University leadership needs to state clearly and unequivocally that academic freedom remains the central pillar of the university’s mission, writes Isaac Nahon-Serfaty.

By Isaac Nahon-Serfaty, December 7, 2021

The actor, comedian and director John Cleese said recently that political correctness is actually a big misunderstanding. Cleese added: “The problem is to see what is happening without perspective. That’s a limitation. I understand the need to be kind with our fellow humans, but not to the point to treat others as no one wants to be treated, thus, like an idiot. I think we are living in a more tolerant society, but an unhappier one.”

This kind of misunderstanding is evident when it comes to recent debates about academic freedom in Canadian universities. The publication of the University of Ottawa’s academic freedom report has led to a very narrow reading on the content and recommendations of the Committee on Academic Freedom, chaired by former Supreme Court Justice Michel Bastarache.

Some of the media coverage about the report, as in the case of the CBC, has highlighted the now- infamous “N-word” incident as the main trigger of all the controversy. Other commentators insist that the main issue at stake is the right of professors to say the “N-word.” This myopic focus on this single word does a great disservice to what should be a reasonable debate about the limits of academic freedom.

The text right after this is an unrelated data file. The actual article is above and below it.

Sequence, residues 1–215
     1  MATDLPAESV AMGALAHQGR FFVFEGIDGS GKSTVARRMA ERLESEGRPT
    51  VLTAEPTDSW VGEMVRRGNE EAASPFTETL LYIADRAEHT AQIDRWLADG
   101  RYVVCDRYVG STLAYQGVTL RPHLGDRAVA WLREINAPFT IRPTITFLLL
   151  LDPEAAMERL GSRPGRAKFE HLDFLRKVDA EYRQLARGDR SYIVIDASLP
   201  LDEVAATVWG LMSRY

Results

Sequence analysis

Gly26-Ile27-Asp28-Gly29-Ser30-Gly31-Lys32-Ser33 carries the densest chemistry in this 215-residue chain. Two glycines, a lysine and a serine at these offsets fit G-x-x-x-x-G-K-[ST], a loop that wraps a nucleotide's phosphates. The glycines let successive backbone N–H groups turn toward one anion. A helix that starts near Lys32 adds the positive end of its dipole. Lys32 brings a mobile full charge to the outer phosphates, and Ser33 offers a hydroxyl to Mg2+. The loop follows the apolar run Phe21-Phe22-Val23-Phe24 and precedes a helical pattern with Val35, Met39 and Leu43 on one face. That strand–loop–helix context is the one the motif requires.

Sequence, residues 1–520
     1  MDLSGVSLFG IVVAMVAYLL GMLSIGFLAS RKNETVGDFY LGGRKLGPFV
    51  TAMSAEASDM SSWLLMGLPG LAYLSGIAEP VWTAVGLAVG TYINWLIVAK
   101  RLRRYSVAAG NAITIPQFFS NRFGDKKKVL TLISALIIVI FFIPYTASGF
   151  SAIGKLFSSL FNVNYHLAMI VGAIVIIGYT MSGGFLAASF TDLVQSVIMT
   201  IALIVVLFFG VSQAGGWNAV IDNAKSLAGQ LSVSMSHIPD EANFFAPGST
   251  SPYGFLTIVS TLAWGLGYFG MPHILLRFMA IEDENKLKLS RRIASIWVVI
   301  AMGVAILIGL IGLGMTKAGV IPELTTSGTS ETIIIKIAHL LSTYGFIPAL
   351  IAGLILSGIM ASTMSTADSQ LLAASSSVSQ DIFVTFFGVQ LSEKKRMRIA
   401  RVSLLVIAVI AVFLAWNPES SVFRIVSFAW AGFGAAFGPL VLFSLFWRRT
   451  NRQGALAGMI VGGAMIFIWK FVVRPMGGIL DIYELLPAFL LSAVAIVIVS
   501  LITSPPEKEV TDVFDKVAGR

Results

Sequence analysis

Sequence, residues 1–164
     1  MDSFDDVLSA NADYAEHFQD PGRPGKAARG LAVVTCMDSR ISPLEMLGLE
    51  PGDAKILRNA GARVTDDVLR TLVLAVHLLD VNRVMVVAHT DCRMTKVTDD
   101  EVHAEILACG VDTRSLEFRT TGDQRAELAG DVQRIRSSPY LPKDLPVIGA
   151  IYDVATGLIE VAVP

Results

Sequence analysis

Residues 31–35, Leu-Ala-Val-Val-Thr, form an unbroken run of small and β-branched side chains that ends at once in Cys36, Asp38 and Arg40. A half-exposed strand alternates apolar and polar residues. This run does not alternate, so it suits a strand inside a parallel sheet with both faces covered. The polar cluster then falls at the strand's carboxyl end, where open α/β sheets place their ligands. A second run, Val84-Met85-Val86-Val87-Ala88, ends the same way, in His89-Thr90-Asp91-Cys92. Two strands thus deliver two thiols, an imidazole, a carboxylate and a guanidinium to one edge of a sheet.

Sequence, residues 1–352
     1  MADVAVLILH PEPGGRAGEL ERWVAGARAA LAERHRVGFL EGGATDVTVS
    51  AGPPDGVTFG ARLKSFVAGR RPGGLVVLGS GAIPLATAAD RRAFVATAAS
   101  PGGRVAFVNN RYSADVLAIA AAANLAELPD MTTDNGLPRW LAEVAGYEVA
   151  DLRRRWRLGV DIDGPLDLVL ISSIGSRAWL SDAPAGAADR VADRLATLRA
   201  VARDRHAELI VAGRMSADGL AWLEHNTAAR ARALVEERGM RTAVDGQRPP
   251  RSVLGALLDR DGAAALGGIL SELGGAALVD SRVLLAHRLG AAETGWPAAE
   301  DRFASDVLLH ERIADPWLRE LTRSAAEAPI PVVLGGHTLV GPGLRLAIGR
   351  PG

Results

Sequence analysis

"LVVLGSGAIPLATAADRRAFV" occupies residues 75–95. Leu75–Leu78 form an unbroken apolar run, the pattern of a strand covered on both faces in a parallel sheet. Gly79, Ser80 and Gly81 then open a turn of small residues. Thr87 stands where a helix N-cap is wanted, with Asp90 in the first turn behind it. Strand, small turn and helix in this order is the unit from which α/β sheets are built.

The association representing full-time professors at the University of Ottawa, known as APUO, further contributed to the misunderstanding by signalling in a recent declaration that the current debate about the report “reflects, in part, the report’s failure to adequately acknowledge the intersections between academic freedom and racism, and, especially, how the former can contribute to the latter. Left unaddressed, this blind spot can function as a barrier to our collective capacity to challenge the remaining colonial and racist legacies that continue to permeate academia.”

This is a dubious claim, for several reasons. First, there is a conceptual and moral overlapping in the APUO’s statement that is highly questionable. There is no “intersectionality” between academic freedom and racism; academic freedom is not a social category, but a moral concept. Defending academic freedom does not imply a defence of racism or another form of discrimination.

Second, the Bastarache report actually says the opposite of what APUO claims. The report states, “The University must respect academic freedom and combat racism. This is difficult because the University cannot ignore history, the impact of systemic racism during certain periods, and sensitive reactions when certain words or events are referred to. The University must take into account societal changes in Canada and the makeup of the University community.”

Far from downplaying the importance of combatting racism, the Bastarache report takes a balanced and reasonable approach, recommending a compromise between the protection of academic freedom – a principle upon which the very mission of the university is based – and the need “that a diversity and inclusion training program should be established, along with a personal consultation service for faculty members.”